Other Declarations in Meeting the Challenge
“Building on strength” was the basis for a grant of 10 cents per capita for each system to purchase “nonduplicate, adult nonfiction materials to be freely used through reciprocal borrowing and interlibrary loans.” Main entry catalog cards for each book purchased were to be submitted to the State Library to determine the subjects of new titles ordered, the strength of the new titles, and how many duplicate titles existed statewide. Area grants for the systems were increased from $15 per square mile to $18 in 1972, with per capita grants rising from 40 to 50 cents.706
The State Library also promised to seek annual appropriations for “the residents of state institutions who have the same right to library service as other residents of the state.” The same was said for the state’s 111,140 visually and physically handicapped residents. The Department of Books for the Blind and Physically Handicapped at the Chicago Public Library was to be strengthened. Development of “subregionalization” of service to the systems – such as the Bur Oak and Shawnee systems projects of 1969 – was planned, with a goal of 30 percent of eligible users as active borrowers within five years. By November 1971, 12 of the 18 library systems held sub-depositories, with five more systems planning for addition.707
Increased and better utilization of system manpower was also key, with one staff member serving each 1,500 persons as the minimum desired standard. The State Library encouraged programs while increasing library training and better-prepared library staff. Public relations campaigns and outreach programs increased. Continuing education received more focus, which along with research to provide accurate data on library problems, were answers to “new ways of meeting challenges of service.” Implementation of Public Library Standards was encouraged, since “almost no library in the state meets all of the standards set by the Illinois Library Association.” Improved access to State Library service was planned in 1972 with a “statewide library card” for borrowers.708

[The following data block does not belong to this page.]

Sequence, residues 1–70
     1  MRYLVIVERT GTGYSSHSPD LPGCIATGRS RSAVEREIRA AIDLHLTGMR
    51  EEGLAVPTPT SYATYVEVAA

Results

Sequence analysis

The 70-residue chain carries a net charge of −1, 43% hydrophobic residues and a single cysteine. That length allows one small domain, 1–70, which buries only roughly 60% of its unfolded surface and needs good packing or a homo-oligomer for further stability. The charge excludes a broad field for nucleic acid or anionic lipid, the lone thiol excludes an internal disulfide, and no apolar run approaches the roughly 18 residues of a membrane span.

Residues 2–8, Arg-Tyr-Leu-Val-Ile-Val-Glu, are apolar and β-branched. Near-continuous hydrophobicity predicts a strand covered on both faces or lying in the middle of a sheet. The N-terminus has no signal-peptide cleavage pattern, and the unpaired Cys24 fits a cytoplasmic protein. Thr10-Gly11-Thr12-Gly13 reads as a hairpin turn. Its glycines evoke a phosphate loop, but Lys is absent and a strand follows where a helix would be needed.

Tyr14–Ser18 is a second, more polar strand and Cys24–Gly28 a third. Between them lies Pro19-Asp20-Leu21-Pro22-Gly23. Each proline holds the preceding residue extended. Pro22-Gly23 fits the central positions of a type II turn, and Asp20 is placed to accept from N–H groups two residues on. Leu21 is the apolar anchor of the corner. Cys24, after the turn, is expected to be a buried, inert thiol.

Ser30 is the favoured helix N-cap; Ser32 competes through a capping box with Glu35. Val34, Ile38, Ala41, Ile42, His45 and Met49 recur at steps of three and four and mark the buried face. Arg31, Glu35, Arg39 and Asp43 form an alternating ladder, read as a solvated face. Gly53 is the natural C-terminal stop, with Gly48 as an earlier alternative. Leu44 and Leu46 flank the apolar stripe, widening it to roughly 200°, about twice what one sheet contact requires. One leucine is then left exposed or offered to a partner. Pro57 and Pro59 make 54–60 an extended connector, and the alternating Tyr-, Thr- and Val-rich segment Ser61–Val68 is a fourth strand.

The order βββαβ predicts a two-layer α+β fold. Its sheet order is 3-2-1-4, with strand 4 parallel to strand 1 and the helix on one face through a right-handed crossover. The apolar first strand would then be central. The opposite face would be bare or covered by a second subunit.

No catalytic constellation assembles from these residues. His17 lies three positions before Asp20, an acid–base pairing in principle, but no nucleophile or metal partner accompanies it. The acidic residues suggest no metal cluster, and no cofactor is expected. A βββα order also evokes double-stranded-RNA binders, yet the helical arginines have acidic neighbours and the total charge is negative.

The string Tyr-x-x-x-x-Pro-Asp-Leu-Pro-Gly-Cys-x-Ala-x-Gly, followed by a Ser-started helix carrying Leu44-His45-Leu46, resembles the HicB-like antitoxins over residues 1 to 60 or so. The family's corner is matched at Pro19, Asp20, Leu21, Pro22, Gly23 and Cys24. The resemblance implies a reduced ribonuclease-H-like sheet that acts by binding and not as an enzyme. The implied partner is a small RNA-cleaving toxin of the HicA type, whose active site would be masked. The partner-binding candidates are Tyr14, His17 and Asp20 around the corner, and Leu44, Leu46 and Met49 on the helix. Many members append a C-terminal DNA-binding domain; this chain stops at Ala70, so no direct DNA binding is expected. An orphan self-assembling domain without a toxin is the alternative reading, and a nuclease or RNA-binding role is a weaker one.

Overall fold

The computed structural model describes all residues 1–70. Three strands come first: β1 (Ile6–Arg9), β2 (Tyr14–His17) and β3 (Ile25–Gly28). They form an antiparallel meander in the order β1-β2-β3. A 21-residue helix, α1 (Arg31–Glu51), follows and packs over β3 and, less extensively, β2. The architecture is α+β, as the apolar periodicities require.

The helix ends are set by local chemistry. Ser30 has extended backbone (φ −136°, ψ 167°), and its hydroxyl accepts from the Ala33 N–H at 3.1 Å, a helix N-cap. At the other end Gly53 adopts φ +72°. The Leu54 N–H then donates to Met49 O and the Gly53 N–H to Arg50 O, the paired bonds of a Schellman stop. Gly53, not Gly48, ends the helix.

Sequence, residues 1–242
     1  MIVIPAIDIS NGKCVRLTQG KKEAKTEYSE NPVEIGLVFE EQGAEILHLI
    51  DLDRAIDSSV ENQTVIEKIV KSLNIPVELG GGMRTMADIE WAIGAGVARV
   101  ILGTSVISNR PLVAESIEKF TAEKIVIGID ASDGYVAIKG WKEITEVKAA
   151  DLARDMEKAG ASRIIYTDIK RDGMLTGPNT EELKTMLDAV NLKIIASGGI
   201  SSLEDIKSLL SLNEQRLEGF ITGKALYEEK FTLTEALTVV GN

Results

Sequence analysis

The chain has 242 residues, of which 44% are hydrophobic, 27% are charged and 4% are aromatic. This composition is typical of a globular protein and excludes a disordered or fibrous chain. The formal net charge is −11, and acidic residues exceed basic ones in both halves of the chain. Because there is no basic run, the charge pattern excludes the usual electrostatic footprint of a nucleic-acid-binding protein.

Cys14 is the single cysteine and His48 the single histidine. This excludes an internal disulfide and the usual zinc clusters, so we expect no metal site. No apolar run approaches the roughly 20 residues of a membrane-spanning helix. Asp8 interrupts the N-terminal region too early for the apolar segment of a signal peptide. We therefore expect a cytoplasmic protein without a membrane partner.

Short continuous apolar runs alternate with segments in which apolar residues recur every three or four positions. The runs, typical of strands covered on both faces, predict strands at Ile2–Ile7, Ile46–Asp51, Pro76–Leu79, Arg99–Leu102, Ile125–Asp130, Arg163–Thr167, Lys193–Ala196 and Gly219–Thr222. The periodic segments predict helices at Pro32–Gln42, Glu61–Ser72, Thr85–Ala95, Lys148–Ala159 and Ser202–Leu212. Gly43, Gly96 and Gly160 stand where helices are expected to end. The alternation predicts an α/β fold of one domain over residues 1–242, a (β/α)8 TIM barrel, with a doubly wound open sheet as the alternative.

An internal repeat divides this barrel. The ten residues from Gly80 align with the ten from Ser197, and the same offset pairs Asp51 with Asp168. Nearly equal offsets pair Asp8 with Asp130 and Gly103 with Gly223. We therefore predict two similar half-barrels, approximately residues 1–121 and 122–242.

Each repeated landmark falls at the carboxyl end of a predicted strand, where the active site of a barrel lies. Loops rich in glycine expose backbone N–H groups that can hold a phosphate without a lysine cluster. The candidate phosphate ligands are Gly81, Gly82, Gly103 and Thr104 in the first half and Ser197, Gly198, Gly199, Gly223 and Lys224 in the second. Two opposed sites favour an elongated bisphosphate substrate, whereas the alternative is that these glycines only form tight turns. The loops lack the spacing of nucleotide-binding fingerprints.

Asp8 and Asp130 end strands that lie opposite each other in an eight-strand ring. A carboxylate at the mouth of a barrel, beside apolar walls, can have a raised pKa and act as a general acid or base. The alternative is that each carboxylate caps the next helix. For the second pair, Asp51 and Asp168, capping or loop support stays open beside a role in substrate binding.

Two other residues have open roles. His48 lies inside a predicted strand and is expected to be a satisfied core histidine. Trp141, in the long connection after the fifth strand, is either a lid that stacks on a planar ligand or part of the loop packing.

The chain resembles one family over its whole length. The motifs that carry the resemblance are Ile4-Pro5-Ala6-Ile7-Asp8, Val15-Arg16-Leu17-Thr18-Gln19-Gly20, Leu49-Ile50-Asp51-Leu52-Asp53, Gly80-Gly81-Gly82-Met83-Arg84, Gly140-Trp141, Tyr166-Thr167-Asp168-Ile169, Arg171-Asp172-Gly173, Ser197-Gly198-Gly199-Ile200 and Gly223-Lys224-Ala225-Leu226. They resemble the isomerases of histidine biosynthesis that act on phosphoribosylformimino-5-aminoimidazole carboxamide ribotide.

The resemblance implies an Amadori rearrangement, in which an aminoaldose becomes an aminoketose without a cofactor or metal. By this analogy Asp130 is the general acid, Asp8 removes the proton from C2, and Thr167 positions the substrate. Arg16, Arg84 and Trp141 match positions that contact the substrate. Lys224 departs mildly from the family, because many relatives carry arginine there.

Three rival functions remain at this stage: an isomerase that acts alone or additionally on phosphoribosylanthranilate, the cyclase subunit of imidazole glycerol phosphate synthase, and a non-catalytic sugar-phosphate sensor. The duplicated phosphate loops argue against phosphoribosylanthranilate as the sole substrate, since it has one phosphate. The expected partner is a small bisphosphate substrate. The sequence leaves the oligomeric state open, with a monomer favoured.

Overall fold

Meeting the Challenge also sought to “make library service universally available and universally supported.” Project PLUS (Promoting Larger Units of Service) was developed by the State Library in 1972 to encourage the creation of public library districts, an old topic in Springfield. But Project PLUS also offered a fresh prospective with needed financial aid. Under Project PLUS, the state provided funds equal to income from 12 cents tax rate against the assessed valuation of any municipality without library service. In turn, the library system was to provide library materials at the rate of 50 cents per capita for the population of the area to be served, not presently taxed for library service. However, in order to receive these funds, any municipality involved had to agree to a hold a referendum to form a district library within nine months of the beginning of the project. If the referendum was successful, a grant for the same amount was available for the second year. This renewal was to enable newly formed districts to levy and collect taxes to support the library. If the referendum failed, the project closed at the end of the first year.709